Recently, I attended the wedding (“for all time” hand-fasting actually) of a couple who were more than mere friends. Barbara and I had known them for as many years as we had known each other. We had become close enough that we thought of them as family of choice, beyond mere friendship. Attending their wedding was a really big deal for me, in more ways than one.
The wedding took place out in nature, on a property of 101 acres known as Spirit Haven. The last time I was on the property before was Barbara’s memorial service. This place was special to her, for many reasons. It was a spiritual home, a place of total acceptance, and a place where distant friends came together twice a year as if at a family reunion. This land is the spiritual home of the Council of the Magickal Arts (CMA). The hand-fasting was held during the semi-annual gathering together of the members of CMA.
The wedding was beautiful, as I knew it would be. The weekend was off to a beautiful start. Several other couples were hand-fasted that weekend as well. The weather was typical for spring time in Central Texas. It was warm in the daytime, and downright chilly at night. I had been under a great deal of stress, and had determined that I would take it easy this weekend, and just enjoy my time spent with friends and family. That was to be a tall order though.
This was to be my very first time out among many of these people as Janet. I was understandably apprehensive about acceptance. I often wonder if any of my friends are worried that my transition is a symptom of a grief induced mental breakdown. This was no different in that respect. Here too I worried about that.
I worried, too, about how returning to this space would affect me. Would I be overwhelmed with grief at my first time back for the full gathering in? Would I really be able to enjoy being with those I loved, or would the surroundings and circumstances be more than I could handle? Would the fact of our friends getting to have that which we were denied be too much for me?
As it turned out, as is often the case, I worried for naught. Not only was I not treated as crazy, I found nothing but acceptance among my friends and spiritual family. All my worries to the contrary, I felt nothing but joy for my friends who were hand-fasted. They have posted some photos of the ceremony on Facebook today, and I find that my joy for them is only increased.
Of course, like any real life story, it wasn’t all wine and roses. Saturday evening, just after sunset, during the potluck dinner, I fell exiting my tent. I hit the ground hard, and could do nothing but cry out for help. As luck would have it, I had the good fortune to have an EMT and paramedic camped near to me. They heard my seemingly futile cries, and after less than a minute, were at my side. (As an aside, they were one of the couples hand-fasted that weekend.)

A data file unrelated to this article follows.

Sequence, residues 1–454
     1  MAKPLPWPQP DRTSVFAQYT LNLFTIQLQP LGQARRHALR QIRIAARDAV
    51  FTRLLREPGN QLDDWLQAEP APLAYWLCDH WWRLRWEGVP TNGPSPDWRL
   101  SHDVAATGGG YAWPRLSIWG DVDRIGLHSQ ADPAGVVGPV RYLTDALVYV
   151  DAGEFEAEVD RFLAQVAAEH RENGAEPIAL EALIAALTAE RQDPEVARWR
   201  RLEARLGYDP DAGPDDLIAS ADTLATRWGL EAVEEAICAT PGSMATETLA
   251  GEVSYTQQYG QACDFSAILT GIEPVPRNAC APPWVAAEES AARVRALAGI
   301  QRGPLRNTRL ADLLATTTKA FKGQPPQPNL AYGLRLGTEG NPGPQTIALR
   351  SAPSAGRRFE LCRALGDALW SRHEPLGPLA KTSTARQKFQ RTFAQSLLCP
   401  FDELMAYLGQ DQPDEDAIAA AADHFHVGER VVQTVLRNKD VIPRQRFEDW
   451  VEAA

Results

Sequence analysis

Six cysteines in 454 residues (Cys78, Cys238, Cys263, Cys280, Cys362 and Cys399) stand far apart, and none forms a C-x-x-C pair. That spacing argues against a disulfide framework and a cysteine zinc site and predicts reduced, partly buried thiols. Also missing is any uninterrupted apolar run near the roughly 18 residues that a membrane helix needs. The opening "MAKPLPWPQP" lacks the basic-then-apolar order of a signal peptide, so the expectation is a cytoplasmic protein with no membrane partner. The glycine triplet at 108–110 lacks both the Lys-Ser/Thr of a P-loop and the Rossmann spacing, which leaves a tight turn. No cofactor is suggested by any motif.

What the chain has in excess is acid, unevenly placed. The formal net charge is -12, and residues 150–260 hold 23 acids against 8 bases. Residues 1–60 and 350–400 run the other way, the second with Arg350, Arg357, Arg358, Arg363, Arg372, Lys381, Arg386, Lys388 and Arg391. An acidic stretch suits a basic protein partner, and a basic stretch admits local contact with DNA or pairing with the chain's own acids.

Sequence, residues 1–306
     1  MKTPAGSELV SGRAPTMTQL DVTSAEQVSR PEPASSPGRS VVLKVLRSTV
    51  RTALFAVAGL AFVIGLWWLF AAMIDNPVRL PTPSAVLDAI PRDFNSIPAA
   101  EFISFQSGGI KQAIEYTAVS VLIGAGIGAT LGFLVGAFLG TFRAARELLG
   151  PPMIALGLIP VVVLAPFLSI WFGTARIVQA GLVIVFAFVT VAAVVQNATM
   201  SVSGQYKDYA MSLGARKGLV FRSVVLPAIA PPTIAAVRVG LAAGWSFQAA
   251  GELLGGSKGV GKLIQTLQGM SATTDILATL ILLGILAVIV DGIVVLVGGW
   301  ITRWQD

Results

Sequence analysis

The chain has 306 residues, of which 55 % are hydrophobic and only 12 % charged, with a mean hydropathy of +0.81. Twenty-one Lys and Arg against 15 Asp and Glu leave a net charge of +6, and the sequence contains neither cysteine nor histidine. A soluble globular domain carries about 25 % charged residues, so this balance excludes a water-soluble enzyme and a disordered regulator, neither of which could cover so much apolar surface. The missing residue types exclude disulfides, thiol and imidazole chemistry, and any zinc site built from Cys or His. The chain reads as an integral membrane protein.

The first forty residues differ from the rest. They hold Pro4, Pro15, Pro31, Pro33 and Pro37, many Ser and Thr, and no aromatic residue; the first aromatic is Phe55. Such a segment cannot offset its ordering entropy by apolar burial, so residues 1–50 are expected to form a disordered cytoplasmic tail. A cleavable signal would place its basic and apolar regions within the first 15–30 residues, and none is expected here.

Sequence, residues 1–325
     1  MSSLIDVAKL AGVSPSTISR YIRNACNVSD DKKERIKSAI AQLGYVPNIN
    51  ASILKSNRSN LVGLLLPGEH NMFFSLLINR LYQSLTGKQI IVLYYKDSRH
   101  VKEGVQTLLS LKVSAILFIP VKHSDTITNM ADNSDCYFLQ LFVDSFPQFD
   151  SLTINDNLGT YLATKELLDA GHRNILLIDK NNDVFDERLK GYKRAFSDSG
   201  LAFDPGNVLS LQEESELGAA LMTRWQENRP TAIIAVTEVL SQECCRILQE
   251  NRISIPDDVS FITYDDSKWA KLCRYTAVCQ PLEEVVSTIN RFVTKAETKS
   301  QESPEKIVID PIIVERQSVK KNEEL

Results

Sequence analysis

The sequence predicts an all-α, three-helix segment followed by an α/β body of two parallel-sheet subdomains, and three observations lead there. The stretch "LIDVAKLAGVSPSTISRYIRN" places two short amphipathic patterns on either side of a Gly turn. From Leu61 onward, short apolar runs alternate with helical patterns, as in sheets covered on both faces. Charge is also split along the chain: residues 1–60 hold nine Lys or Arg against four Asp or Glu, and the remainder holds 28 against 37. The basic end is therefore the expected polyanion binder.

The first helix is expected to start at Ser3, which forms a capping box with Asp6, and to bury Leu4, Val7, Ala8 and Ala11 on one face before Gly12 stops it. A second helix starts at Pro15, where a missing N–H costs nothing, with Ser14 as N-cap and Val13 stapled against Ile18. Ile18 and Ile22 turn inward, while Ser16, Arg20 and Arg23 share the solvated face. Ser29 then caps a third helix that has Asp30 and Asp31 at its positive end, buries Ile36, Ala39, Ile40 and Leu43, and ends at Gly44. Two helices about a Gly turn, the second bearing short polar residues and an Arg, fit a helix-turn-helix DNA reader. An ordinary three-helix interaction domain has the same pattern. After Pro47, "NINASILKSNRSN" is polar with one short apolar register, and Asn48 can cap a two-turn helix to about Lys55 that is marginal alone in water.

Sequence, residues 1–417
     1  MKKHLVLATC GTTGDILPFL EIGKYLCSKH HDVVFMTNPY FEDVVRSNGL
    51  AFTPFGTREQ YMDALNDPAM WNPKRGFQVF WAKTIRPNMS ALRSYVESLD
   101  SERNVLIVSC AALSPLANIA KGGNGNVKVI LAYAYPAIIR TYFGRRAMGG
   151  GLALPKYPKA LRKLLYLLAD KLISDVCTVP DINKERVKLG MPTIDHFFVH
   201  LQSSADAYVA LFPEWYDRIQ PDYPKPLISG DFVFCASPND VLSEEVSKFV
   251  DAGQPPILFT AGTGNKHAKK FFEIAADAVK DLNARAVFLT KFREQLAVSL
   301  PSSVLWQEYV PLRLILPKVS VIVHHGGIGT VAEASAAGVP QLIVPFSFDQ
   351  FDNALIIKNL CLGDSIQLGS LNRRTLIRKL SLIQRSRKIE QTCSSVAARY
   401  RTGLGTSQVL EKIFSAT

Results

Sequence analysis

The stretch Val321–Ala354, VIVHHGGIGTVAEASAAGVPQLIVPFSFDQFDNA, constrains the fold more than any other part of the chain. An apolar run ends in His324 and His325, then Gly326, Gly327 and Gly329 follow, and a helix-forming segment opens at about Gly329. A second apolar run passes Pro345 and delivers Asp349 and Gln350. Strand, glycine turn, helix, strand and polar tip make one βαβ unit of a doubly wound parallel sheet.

I had not moved an inch, for I could tell from the pain that I had a potentially dangerous situation developing. I had landed, with all my weight, on my left shoulder and, potentially much more serious, my ribs. My lovely, cautious, EMT and paramedic called immediately for a back board and C-spine collar. Yes, CMA has a fully equipped trauma building for situations such as this.
Unfortunately, no one seemed to be able to find the collar, so they improvised one with a thick towel. They kept my torso very straight and rolled me on to the backboard. Upon fairly thorough physical exam by the chiropractor who was also camped with my group, I was determined to be in no immediate danger. By this time, it was far too late for me to attempt to drive home, so I stayed the night. Honestly, I would much rather have had a decent bed that night. That, however, was not to be.
The next morning (Sunday) I awoke stiff and in significant pain. Even the slightest movement was excruciating. I finagled some friends to pack my belongings into my car, and as soon as that was done, I drove straight home. I didn’t even stop for gas, as I normally would have. I got home with still about a quarter tank. I did go out in the evening to the nearest pharmacy to purchase an abdominal binder, and a large bottle of ibuprofen.
Mid morning on Monday, I saw my doctor, who was relatively convinced I had just bruised my ribs. She decided to do x-rays as a precaution though. She also wrote a prescription for 800 mg ibuprofen. Interestingly, ibuprofen is cheaper as a prescription than taking the same dose via OTC strength.
I learned just how disconcerting it is, as a woman, to be told to undress from the waist up, and put on that flimsy gown. That, combined with the non-stop pain, made me not a particularly happy camper, if you can pardon the pun. I endured the extreme discomfort of the x-ray process, got dressed, and headed home to collapse again in my recliner.
Later that same evening, I received a call from my doctor’s office. It seemed that my 7th rib on my left side was fractured. The doctor was calling in some additional medicine for pain. I was to continue taking the ibuprofen, and the use of the binder. Well, it’s now been seven days since that call.
I’ve learned a couple of more things in the last week.
- I can’t function at all on 50mg of tramadol.
- Pill splitters are very useful and quite inexpensive.
- Regardless of the PRN instruction on the tramadol, it really isn’t a good idea to skip a dose, much less two, because I am feeling a little better.
Oh, and one more thing I learned from this ordeal. I look pretty damned good in an under bust corset. Now if only I had one that looked better than this abdominal binder.